I don’t know how to write this in a way that will convince you if you’re an opponent of gun control. But I have to write something.
There have been eighteen mass shootings in the USA this year already, and it’s only February.
Whenever there’s a particularly awful mass shooting, I post about gun control on Facebook, and someone is sure to comment that it’s too soon to talk about gun control, or that I am politicising a tragedy, or I don’t understand because I’m British.
Yes, I do not understand the American obsession with the second amendment. I don’t understand why the right to own a gun is more important than the lives of the hundreds of thousands of victims of gun violence.
Approximately 1.4 million people have been killed using firearms in the U.S. between 1968 and 2011, equivalent to a top 10th largest U.S. city in 2016, falling between the populations of San Antonio and Dallas, Texas.
Compared to 22 other high-income nations, the U.S. gun-related murder rate is 25 times higher. Although it has half the population of the other 22 nations combined, the U.S. had 82 percent of all gun deaths, 90 percent of all women killed by guns, 91 percent of children under 14 and 92 percent of young people between ages 15 and 24 killed by guns. In 2010, gun violence cost U.S. taxpayers approximately $516 million in direct hospital costs.
In the UK, we have had three mass shootings in my lifetime (Hungerford in 1987, Dunblane in 1995, Cumbria in 2010). Both Hungerford and Dunblane resulted in an increase in gun control. Semi-automatic weapons were banned as a result of the Hungerford massacre:
The Firearms (Amendment) Act 1988 was passed in the wake of the [Hungerford] massacre, which bans the ownership of semi-automatic centre-fire rifles and restricts the use of shotguns with a capacity of more than three cartridges.
And hand-guns were banned as a result of the Dunblane massacre, after some public debate:
the Conservative government of John Major introduced the Firearms (Amendment) Act 1997, which banned all cartridge ammunition handguns with the exception of .22 calibre single-shot weapons in England, Scotland and Wales, but following the 1997 General Election, the Labour government of Tony Blair introduced the Firearms (Amendment) (No. 2) Act 1997, banning the remaining .22 cartridge handguns as well. This left only muzzle-loading and historic handguns legal, as well as certain sporting handguns (e.g. “Long-Arms”) that fall outside the Home Office definition of a “handgun” because of their dimensions.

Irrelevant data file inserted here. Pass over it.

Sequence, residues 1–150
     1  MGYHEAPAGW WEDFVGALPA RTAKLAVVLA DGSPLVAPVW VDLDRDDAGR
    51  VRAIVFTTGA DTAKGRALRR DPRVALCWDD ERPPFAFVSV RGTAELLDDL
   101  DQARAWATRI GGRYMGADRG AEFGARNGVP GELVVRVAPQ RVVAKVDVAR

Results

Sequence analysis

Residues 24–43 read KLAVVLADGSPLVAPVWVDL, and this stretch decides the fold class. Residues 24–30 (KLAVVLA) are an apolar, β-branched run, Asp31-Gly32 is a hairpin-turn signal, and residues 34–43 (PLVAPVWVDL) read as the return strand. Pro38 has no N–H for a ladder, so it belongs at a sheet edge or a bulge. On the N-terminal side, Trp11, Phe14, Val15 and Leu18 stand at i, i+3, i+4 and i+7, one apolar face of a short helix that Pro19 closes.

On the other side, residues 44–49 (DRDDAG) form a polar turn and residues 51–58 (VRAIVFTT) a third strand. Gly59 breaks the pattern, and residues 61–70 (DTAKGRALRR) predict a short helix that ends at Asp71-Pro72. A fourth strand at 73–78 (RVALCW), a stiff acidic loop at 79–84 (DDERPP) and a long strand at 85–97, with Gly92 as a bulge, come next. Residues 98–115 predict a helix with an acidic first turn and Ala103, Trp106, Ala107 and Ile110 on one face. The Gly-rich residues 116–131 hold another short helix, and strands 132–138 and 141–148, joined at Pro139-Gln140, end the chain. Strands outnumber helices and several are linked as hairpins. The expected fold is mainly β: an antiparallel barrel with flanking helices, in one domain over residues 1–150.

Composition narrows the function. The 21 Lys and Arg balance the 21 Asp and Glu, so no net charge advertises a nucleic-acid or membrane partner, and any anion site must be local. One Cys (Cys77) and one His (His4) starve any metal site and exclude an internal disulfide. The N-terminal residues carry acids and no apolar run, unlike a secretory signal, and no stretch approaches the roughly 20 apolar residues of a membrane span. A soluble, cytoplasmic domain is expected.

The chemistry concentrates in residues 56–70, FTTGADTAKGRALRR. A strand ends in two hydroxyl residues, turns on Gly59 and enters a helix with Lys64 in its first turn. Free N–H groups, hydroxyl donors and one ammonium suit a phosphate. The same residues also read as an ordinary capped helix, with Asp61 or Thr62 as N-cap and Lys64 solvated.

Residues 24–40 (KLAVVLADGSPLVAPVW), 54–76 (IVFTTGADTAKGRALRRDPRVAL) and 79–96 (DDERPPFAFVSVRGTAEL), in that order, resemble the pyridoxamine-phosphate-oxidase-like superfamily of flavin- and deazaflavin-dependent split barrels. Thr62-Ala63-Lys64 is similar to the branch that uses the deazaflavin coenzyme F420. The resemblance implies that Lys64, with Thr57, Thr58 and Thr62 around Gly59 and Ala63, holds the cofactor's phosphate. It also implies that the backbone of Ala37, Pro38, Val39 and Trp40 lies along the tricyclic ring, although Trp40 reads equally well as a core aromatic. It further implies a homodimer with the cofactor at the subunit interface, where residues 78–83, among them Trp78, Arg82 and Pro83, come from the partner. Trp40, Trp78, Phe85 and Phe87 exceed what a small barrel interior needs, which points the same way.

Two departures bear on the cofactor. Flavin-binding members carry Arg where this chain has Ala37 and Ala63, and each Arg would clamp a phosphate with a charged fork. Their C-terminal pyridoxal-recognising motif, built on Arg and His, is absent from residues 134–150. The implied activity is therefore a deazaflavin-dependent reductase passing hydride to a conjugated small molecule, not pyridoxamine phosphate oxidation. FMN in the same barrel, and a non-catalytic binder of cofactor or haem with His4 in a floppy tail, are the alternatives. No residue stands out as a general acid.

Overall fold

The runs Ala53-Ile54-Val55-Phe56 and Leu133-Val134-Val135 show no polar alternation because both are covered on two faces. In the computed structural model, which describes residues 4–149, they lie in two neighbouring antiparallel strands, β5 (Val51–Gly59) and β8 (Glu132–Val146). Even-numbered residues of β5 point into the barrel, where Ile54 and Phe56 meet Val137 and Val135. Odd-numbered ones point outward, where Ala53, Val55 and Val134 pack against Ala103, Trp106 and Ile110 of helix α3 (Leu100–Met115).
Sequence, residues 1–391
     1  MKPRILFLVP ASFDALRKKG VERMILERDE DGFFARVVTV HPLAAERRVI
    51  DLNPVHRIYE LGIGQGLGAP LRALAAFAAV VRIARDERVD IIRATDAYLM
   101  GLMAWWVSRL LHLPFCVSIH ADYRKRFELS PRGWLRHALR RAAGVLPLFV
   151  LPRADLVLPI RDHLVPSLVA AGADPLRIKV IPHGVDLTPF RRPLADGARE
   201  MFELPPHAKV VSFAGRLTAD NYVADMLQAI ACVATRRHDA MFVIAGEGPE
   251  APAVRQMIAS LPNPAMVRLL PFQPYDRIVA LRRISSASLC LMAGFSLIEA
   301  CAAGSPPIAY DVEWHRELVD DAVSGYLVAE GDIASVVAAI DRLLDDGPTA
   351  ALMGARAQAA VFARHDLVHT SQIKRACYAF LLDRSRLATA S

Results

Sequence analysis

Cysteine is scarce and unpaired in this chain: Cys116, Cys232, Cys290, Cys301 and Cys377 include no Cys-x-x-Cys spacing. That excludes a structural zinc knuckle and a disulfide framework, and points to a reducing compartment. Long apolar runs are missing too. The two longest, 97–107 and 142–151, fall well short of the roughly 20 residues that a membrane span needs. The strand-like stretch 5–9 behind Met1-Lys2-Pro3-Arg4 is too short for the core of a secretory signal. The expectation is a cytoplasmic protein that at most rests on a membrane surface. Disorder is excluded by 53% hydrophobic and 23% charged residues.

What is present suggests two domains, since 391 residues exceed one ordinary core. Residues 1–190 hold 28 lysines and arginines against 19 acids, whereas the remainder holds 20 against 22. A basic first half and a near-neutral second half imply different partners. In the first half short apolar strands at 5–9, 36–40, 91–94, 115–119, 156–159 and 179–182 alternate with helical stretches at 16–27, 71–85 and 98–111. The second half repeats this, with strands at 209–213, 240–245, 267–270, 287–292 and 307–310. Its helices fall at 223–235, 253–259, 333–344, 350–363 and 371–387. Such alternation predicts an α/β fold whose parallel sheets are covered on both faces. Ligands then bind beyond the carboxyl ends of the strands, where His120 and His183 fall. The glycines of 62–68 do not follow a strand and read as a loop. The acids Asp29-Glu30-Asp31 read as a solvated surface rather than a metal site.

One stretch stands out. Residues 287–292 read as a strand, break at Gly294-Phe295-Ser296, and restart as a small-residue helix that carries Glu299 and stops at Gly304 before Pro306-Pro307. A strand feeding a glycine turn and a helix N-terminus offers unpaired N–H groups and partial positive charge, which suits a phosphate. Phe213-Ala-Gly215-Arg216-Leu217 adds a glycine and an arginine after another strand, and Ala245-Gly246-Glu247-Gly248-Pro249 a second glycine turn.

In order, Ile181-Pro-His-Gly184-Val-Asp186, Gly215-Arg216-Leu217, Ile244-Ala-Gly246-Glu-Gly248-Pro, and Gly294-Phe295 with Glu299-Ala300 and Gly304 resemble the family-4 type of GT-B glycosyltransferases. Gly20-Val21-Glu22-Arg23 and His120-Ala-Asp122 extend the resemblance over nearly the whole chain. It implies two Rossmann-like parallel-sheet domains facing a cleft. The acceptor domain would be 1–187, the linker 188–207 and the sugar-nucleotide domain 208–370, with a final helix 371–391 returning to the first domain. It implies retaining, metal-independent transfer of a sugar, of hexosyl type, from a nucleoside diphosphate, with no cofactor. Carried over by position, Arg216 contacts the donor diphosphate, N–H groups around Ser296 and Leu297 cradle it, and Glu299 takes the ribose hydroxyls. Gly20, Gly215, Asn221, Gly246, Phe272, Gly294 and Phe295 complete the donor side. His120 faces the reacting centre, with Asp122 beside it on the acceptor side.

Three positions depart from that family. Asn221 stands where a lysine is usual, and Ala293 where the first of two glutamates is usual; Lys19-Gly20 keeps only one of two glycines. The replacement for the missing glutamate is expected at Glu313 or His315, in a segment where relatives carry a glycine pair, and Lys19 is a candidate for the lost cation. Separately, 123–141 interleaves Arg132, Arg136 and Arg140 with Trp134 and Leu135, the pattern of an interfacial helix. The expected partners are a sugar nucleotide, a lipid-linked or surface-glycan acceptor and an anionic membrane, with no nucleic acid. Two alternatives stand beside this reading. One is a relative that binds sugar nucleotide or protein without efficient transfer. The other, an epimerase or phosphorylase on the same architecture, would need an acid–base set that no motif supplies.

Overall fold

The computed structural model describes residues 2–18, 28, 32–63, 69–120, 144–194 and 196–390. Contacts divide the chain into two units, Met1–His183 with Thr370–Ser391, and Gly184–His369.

As a result of this legislation, you can still own guns for hunting. They have to be kept securely locked when not in use.
There were also the Cumbria shootings in 2010 (carried out with two legally held guns). The shooter went to a friend’s house to get a gun that he owned, but the friend’s wife did not have access to it, because it was locked away.
Admittedly the UK does not have a gun culture in the same way as the USA, so maybe it was easier to introduce stricter gun control. Nonetheless, we now have some of the strictest gun control laws in the world, and as a result, we have one of the lowest numbers of gun deaths. The gun massacres listed above are all the massacres that have been committed in the UK by private gun owners.
Australia had a gun massacre in Port Arthur, Tasmania, in 1996, where 35 people were killed, and as a result of this massacre, the Australian government introduced a scheme to buy back guns from owners:
Under federal government co-ordination, all states and territories of Australia restricted the legal ownership and use of self-loading rifles, self-loading shotguns, and tightened controls on their legal use by recreational shooters. The government initiated a mandatory “buy-back” scheme with the owners paid according to a table of valuations. Some 643,000 firearms were handed in at a cost of $350 million which was funded by a temporary increase in the Medicare levy which raised $500 million. Media, activists, politicians and some family members of victims, notably Walter Mikac (who lost his wife and two children), spoke out in favour of the changes.